Hassan and Nurredin were both born in exile, in Syria, after their family fled sectarian violence in Iraq in 2006. JRS strives to provide psychosocial services to families that face isolation and an uncertain future.
Aleppo, 25 May 2012 – Bursting with energy, young Hassan and Nurredin are excited to have guests in their tiny home. They are overactive and when we’re not looking, attempt to sip coffee from our cups. They lead an isolated existence, and a visit from the JRS team is often the highlight of their day.

Hassan eagerly shows off a little notebook where he has been learning to write in English and proudly shows off how to spell “Nurredin” his younger brother’s name. They are kicking a ball around in a small space adjacent to the kitchen, where their mother has hung out the washing under a makeshift canvas covering. Born as refugees in Syria, the two boys and their baby sister have never set foot on Iraqi soil. In 2006, a few months before Hassan’s birth, his parents fled from Iraq to seek safety in Syria.

The family’s decision to leave was spurred by violence. Their father, Salah, was kidnapped from his barber’s shop in Baghdad. He was held for several days and tortured. The reason for this torture was the rise in sectarian violence and an intolerance of mixed marriages. Salah is Sunni and his wife, Nour, is Shia.

After three months in hiding at his in-laws and pretending to be Shia, Salah made the decision to escape to Syria. They arrived in Aleppo in 2006.

They live meagrely in a densely populated neighbourhood in Aleppo.  Currently, they live in one room; it serves as a lounge during the day and a bedroom at night, with a small kitchen and bathroom attached. Without a proper roof, the extreme weather conditions in the Middle East – hot in the summer and cold in the winter – can make it just as unpleasant to be indoors as outside.

As a consequence of the torture he suffered, Salah is unable to do physical labour, which makes it more difficult to make ends meet.

“When I have dreams or think about what happened, I can feel pain here”, he says, gesturing to his shoulders.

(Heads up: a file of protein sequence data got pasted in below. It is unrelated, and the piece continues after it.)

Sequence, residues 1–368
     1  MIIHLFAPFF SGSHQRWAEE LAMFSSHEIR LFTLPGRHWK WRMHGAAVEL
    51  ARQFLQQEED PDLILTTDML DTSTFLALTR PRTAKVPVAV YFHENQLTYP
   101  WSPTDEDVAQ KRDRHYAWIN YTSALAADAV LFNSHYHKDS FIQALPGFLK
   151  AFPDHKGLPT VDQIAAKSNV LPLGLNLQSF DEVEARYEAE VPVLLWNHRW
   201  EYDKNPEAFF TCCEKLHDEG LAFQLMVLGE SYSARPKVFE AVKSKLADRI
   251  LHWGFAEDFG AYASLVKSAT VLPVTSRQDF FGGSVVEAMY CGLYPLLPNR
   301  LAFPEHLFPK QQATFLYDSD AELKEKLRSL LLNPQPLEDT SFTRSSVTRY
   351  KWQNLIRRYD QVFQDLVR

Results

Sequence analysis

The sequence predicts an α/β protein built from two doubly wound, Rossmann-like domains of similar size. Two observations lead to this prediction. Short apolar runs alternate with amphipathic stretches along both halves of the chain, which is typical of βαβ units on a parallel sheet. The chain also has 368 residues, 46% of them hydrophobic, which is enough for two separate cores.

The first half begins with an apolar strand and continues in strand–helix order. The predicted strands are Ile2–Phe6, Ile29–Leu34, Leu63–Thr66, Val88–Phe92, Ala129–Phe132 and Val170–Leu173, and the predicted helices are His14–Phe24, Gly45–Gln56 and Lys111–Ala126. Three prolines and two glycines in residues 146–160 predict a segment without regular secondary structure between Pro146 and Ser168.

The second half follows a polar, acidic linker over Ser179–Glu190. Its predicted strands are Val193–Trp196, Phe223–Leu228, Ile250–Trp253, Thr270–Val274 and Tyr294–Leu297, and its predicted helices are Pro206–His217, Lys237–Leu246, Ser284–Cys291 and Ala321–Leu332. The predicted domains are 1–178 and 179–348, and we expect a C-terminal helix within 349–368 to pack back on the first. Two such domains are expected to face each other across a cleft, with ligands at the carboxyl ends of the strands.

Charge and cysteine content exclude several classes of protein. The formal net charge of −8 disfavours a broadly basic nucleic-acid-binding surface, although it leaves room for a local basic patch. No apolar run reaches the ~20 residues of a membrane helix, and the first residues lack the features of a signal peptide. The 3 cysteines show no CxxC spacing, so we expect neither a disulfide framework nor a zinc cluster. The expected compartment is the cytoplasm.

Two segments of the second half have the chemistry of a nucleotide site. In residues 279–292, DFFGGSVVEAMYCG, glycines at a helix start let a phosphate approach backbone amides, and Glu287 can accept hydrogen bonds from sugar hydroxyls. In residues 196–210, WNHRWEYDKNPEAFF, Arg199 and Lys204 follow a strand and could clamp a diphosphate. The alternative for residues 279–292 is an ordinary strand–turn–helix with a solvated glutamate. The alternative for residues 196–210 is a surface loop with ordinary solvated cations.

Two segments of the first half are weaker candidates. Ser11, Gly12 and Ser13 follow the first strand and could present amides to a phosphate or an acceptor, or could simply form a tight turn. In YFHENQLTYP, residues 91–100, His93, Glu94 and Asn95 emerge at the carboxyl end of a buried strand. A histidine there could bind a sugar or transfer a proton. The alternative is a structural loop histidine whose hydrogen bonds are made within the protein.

Evidently his psychological scars are worse than his physical wounds. In the years that they have been in Syria, both of his parents and his brother have passed away, and he was not able to return home to bury them. He now fears he will never be able to return to Iraq.

Many Iraqis feel a sense of déjà vu as media suggestions of deteriorating security bring back memories, even nightmares, from the recent past. The security situation in Iraq is still worrying, and many refugees in touch with JRS show no desire to return home for fear of becoming victims once again. Moreover, moving to a neighbouring country is not an ideal  option as their resettlement applications to third countries (Australia, Canada and the US) are at risk of being delayed, or worse, nullified.

An uncertain future. Like any ordinary parent, Salah is worried for the future of his sons and daughter. At the moment, they are still under five, but soon he will have to be concerned with sending them to school. Both boys are lively, curious and intelligent. While Nurredin is quiet and earnest, Hassan is boisterous. They are fascinated by the camera and its display screen, eagerly trying to press all the buttons.

As a mother, Nour expresses concern for her children, their nutrition, health and the need for her husband to find work. In addition, their daughter is ill, suffering from a fever. Her dark eyes are glazed over and she cries meekly on her mother’s lap.

The JRS team regularly visits Salah and his family. It is part of JRS mission of accompaniment, to bear witness and listen to them. It is this approach that informs the organisation’s service and advocacy. Where necessary, and possible, teams refer refugees to doctors, legal advisors and other specialists. For Salah, this means ensuring his daughter receives medical care and warm clothing and blankets for the children as the winter cold worsened.

Accessing other services, including those managed by JRS, can be a real challenge. Distance is an obstacle for many urban refugees who live far from the centre of Aleppo. They are unable to pay transport costs to get to the JRS centre, which could provide them the opportunity to meet other Iraqis and feel part of a community.

Looking for ways around this transportation obstacle –often a cause of their isolation – is high on the JRS list of priorities and would enable us to expand services to those in the most vulnerable circumstances.

Zerene Haddad, JRS Middle East and North Africa

Countries Related to this Region
Jordan, Syria, Turkey